Right-to-Know vs. Right-to-Understand
Flaws in the HazCom Standard must be resolved to prevent needless injuries and loss of life.
- By John Rooney
- Sep 01, 2005
ON the heels of yet another federal investigation attributing chemical-related deaths and injuries to defective hazard communications systems in the workplace, few would question that a public health crisis is afoot. More than 30 million American workers are exposed each day to hazardous chemicals at the workplace, with upwards of a half-million chemicals being stored and used in today's hospitals, manufacturing plants, and industrial facilities.
The acute and chronic effects of exposure have contributed to increasing rates of asthma and other respiratory diseases diagnosed at occupational health clinics, as well as injury and death from chemical spills, fires, explosions, and other workplace incidents. Each year, more than 65,000 American workers are diagnosed with illnesses that are directly related to exposure to hazardous chemicals. Such shocking data would seemingly prompt a quick and effective response from the federal government, with so many American lives at risk each day.
"Don't just stand there, do something!" We've heard that call before when prompt action is required. However, in response to this specific crisis, OSHA has decided to simply adopt a "Don't just do something, stand there" approach. The consequences of this decision are far-reaching, and more lives will be lost until the flaws inherent in the federal Hazard Communication Standard are resolved.
The tools most widely used in today's workplaces to communicate these hazards contribute to the problem they were designed to solve.
The current "Right-to-Know" regulations, implemented more than two decades ago, require facilities that use chemicals to develop and maintain a plan to communicate the potential hazards of chemicals to employees. That is the good news. The bad news is that the tools most widely used in today's workplaces to communicate these hazards are actually contributing to the problem they were designed to solve. These tools, known as Material Safety Data Sheets (MSDSs), are developed by chemical manufacturers with information on the health hazards and other risks associated with each chemical. Unfortunately, there is no standard format for these documents, which are often maintained by facilities in an unwieldy series of binders and are published in a range of competing formats with language that stretches even the most highly educated toxicologist's capacity to interpret them.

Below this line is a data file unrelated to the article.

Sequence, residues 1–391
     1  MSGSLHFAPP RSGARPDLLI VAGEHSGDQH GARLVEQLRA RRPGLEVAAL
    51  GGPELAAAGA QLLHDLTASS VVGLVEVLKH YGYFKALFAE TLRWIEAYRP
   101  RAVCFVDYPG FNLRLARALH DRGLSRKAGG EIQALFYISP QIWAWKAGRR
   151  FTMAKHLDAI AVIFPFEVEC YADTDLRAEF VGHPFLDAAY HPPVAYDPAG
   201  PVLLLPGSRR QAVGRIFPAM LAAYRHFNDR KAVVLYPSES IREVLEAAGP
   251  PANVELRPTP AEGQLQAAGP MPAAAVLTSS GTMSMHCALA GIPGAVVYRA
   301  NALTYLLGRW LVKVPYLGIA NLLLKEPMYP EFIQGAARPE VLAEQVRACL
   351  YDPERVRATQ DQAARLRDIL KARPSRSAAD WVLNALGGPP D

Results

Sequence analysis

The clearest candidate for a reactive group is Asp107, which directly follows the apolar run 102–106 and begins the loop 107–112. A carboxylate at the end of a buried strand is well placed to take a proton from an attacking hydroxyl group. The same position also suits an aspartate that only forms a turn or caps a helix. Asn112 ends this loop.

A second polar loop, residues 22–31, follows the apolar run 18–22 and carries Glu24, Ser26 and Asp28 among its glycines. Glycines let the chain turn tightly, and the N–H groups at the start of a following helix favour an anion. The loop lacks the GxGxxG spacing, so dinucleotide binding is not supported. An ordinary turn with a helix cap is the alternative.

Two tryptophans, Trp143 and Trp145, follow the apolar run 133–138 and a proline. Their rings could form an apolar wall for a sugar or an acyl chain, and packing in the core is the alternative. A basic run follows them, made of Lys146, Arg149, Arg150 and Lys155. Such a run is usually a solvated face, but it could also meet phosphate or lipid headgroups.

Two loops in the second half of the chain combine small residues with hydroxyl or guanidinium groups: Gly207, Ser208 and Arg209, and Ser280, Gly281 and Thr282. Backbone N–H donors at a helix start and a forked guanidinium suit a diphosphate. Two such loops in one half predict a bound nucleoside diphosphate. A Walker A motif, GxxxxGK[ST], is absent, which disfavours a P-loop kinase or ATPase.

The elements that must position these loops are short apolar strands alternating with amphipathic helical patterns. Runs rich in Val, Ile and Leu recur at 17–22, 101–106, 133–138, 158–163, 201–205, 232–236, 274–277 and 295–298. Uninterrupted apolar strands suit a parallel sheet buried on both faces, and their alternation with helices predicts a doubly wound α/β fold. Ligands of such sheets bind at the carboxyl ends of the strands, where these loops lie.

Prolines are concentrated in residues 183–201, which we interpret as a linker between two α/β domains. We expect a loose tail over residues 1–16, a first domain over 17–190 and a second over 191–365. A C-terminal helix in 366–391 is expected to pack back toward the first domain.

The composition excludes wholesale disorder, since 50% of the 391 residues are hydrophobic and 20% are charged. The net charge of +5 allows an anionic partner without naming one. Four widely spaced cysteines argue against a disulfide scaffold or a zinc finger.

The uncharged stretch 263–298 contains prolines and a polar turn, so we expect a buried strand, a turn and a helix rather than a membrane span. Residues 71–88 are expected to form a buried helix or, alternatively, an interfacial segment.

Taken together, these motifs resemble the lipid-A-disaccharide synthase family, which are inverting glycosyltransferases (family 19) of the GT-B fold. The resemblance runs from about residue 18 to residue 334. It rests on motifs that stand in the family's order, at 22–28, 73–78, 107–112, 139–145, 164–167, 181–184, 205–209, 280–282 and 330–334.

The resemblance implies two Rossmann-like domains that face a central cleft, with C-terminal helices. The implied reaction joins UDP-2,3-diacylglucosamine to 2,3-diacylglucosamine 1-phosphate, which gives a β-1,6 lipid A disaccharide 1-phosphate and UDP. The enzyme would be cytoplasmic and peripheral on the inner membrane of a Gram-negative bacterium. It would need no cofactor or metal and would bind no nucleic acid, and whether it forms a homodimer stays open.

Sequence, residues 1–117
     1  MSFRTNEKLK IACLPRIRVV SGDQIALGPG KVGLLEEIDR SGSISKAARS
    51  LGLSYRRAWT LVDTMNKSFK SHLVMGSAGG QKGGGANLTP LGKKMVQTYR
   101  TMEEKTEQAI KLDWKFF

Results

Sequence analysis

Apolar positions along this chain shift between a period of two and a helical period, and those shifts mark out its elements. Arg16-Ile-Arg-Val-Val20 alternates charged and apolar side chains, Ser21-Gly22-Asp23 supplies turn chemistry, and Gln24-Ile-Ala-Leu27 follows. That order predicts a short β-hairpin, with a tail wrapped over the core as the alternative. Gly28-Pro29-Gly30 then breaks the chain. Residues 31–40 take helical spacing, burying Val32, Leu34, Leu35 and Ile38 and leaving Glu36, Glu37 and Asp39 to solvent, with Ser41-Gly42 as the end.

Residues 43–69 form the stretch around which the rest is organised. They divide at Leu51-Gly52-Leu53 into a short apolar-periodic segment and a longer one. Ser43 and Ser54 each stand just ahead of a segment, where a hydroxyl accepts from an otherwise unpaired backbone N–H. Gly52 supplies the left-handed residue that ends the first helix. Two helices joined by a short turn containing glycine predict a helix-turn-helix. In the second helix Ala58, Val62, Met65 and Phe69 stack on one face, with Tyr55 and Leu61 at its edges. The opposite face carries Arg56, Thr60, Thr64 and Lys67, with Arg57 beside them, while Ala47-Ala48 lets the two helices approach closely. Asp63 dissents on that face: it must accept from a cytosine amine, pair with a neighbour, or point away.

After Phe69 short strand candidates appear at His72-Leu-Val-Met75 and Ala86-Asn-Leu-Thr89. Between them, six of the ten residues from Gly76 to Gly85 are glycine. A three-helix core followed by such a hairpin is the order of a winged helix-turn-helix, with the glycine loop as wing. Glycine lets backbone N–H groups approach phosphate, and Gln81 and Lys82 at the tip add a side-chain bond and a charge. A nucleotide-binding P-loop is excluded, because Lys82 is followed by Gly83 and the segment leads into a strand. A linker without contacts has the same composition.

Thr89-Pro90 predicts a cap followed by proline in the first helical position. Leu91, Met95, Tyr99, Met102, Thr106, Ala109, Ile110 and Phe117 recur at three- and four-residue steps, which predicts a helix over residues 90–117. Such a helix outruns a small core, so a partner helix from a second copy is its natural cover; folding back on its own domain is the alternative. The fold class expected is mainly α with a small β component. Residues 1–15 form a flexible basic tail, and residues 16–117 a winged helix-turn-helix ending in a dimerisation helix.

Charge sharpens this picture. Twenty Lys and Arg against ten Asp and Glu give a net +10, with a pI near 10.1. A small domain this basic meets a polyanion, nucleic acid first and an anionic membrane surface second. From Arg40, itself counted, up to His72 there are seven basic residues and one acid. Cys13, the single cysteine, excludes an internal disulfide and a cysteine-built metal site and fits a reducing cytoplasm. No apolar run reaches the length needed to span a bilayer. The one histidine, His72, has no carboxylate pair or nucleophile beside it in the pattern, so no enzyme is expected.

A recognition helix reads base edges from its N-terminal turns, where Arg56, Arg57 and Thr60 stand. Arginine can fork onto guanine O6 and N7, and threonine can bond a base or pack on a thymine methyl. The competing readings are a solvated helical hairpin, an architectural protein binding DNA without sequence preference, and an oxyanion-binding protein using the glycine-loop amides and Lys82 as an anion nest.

Consequently, in the case of a chemical spill or other incident, the ability for workers to respond quickly and effectively is significantly compromised. This is especially true considering that one-third of the U.S. workforce reads at or below the eighth grade level, and 22 percent is functionally illiterate. The language and content of most MSDSs is literally a foreign language for most employees.
Case in point: The recent federal investigation into an explosion at a Corbin, Ky., manufacturing plant concluded the inability to effectively identify and respond to the inherent hazards of phenolic resin, the chemical in the explosion, caused the deaths of seven workers and injuries to more than 30. According to the report, the MSDS for phenolic resin dust simply did not clearly highlight that the chemical was explosive--more evidence that validates the widely held claim that a majority of today's MSDSs are inaccurate and incomprehensible.
Recognizing the central role that MSDSs play in the current HazCom standard, what specific solutions are recommended to make the current standard more accountable? The solution lies in chemical categorization and a series of associated guides that translate the MSDS information on the risks and usage of chemicals into language that all workers can understand.
This is a wholesale change; it challenges those who argue the solution is simply keeping MSDSs more current and accessible. Expecting MSDS currency and access to maximize workplace safety is like expecting an infant to be able to swim simply because a lifeguard is on duty. It misses the point entirely. Effective categorization promotes a level of accuracy, comprehensiveness, and simplicity in chemical management and training that the MSDS alone simply cannot.
In addition to standardizing the MSDS format by assigning chemicals to specific categories based on risk level, physical and health hazards, target organs, and routes of entry, other recommendations for reform include:
1. Development of standardized phrases that could be translated into all of the major world languages.
2. Minimum levels of testing for acute hazards such as corrosiveness, flammability, and toxicity.
3. Harnessing the energy that has been put into building consensus for the Globally Harmonized System for classification and labeling of chemicals and transforming it into a more accountable and reliable framework.
It is one thing for employees to know about chemical hazards in the workplace, but to understand and act on them when time is critical is a different issue. Only by addressing the core problems of workforce illiteracy, lack of regulatory standardization, and reliability of MSDSs can future chemical-related injuries and deaths be prevented. That is the call to action. The health and safety of the American worker will continue to be in the balance until that call is answered.
This article appeared in the September 2005 issue of Occupational Health & Safety.
This article originally appeared in the September 2005 issue of Occupational Health & Safety.